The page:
Evangelicals and Redaction Criticism:
Dancing on the Edge
Dr. Geisler first delivered these notes to the faculty of Trinity Evangeicaly Divinity School in the late 1970s when faculty member Grant Osborne began to adopt a form of redaction criticism. This was also delivered by Dr. Geisler in a course on Bibliology at Dallas Theological Seminary in 1987.
I. Things Surely to be Believed by Evangelicals
A. The Gospel writers (except possibly Luke) were eyewitnesses of the events.
B. The Gospels were written during the lifetime of these witnesses by the disciples' names they bear.
C. Jesus promised the Holy Spirit would supernaturally activate the apostle's memories on all that He taught (John 14:26; 16:13).
D. The NT documents should be considered authentic until proven otherwise (just as one is presumed innocent until proven guilty)
E. What the Gospels say that Jesus said (and did), He actually said (and did).
F. It is the written gospels (not their alleged sources) that are inspired (2 Tim. 3:16). So truth is in the text, not behind it.
1. The Gospel records are authentic, biographical, and historical.
2. The records present accurately what Jesus really said and did.
3. In view of IA, IB and IC, the Gospel writers were not dependent on other sources for their teachings.
II. Things Surely not to be Believed by Evangelicals
A. That the Gospels were written by persons who were not contemporaries of Christ.
B. That Redaction Criticism is necessary to discover what Jesus taught.
C. That without the aid of Redaction we cannot understand the message of the Gospels.
D. That the Gospels create, rather than report, what Jesus said and did.
1. Accepting criticism of this kind [or, these kinds] is incompatible with evangelical Christianity.
2. No evangelical institution should keep teachers who teach what is incompatible with evangelical Christianity.
III. Things Apparently Believed by Some Evangelicals
A. The Gospels are a reinterpretation of the life of Christ to fit the needs of the readers of a later generation.
B. Gospel writers redacted earlier sources to construct their Gospels.
C. By getting behind the Gospel record, redaction criticism is helpful (essential?) in interpreting the text.
D. Redaction criticism should be used to establish the authenticity of the sayings and events recorded in the Gospels.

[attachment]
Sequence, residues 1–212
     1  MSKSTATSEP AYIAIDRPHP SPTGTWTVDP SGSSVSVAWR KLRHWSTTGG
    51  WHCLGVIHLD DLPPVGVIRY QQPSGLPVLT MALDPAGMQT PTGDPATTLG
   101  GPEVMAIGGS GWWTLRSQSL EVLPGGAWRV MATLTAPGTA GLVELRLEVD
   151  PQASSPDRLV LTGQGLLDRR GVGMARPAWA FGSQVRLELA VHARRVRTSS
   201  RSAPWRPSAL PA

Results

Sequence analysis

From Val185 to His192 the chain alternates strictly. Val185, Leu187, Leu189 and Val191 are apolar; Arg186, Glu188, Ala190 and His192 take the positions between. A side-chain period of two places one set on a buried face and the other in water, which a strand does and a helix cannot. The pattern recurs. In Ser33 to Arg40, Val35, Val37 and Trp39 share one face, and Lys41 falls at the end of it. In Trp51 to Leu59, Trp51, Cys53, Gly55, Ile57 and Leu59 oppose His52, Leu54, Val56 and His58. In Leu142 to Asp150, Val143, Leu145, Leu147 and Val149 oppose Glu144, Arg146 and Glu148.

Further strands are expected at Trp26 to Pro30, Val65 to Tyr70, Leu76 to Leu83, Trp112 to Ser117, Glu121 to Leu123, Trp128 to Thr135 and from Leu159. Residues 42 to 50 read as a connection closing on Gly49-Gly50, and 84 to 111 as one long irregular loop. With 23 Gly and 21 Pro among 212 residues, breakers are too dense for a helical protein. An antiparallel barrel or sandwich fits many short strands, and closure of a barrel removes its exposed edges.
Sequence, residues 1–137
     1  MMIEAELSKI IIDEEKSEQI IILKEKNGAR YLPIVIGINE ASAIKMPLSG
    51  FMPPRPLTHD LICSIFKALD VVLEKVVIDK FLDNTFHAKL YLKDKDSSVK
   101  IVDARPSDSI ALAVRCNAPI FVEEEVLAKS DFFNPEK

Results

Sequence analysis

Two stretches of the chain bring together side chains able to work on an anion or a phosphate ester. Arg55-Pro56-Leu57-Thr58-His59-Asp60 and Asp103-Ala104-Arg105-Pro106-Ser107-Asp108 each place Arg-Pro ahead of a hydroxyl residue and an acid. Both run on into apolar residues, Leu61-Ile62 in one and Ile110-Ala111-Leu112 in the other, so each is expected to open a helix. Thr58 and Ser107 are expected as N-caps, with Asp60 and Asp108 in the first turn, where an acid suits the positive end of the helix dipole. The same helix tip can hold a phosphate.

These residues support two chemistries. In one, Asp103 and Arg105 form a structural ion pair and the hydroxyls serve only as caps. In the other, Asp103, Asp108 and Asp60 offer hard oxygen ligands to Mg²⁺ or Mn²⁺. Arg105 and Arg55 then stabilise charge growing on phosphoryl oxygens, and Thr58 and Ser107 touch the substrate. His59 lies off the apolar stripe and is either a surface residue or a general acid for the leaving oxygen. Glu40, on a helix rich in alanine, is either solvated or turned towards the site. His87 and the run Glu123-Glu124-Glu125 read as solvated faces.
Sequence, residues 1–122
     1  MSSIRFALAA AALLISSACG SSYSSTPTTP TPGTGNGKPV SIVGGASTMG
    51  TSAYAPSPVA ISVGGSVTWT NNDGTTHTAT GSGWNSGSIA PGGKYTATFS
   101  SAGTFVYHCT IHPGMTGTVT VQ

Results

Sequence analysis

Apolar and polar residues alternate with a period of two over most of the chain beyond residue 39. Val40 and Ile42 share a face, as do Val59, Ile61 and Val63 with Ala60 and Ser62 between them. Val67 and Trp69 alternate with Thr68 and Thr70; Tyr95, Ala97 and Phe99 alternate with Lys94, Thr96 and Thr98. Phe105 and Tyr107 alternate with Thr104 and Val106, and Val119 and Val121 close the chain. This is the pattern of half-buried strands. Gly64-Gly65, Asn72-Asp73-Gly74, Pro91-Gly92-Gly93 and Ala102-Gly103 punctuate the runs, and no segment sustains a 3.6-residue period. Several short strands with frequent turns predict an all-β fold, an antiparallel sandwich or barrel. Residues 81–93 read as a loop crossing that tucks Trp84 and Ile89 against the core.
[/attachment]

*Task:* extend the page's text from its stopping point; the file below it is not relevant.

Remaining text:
E. Gospel writers sometimes placed what Jesus said (or did) on one occasion into another occasion where He did not actually say (or do) it.
IV. Things Safely to be Believed by Evangelicals
A. All Redaction Criticism is UNNECESSARY in view of I above.
B. Most of Redaction Criticism is INCOMPATIBLE with evangelical Christianity (namely II above).
C. Even "modified" Redaction Criticism is dangerous (namely IIII above) because:
1. This special use of the term is easily misunderstood (since its original and common meaning is anti-evangelical).
2. It is difficult to divorce totally redaction and other ideologies from their original non-evangelical presuppositions (There is a high fatality rate among those who try—Gundry, Guelich, et. al.).
3. To refer to a Gospels as a "reinterpretation" is at best ambiguous. This may imply misrepresentation or error.
4. The attempt to get behind the text, rather than to stay in it, is hermeneutically misdirected.
5. The role of the Gospel writers as eyewitnesses whose memories were supernaturally guided by the Holy Spirit is neglected.
6. It undermines confidence in the authenticity and authority of the text by treating it as a literary creation rather than a historical report (Luke 1:1-4).
CONCLUSION: Since I is necessary to evangelical belief, II is incompatible with it, and III is dangerous to it, the practice of redaction is UNNECESSARY, UNWISE, and UNHEALTHY for evangelicals to adopt such unorthodox ideologies.
A CHART ON GOSPEL WRITERS'
USE OF JESUS' WORDS & DEEDS
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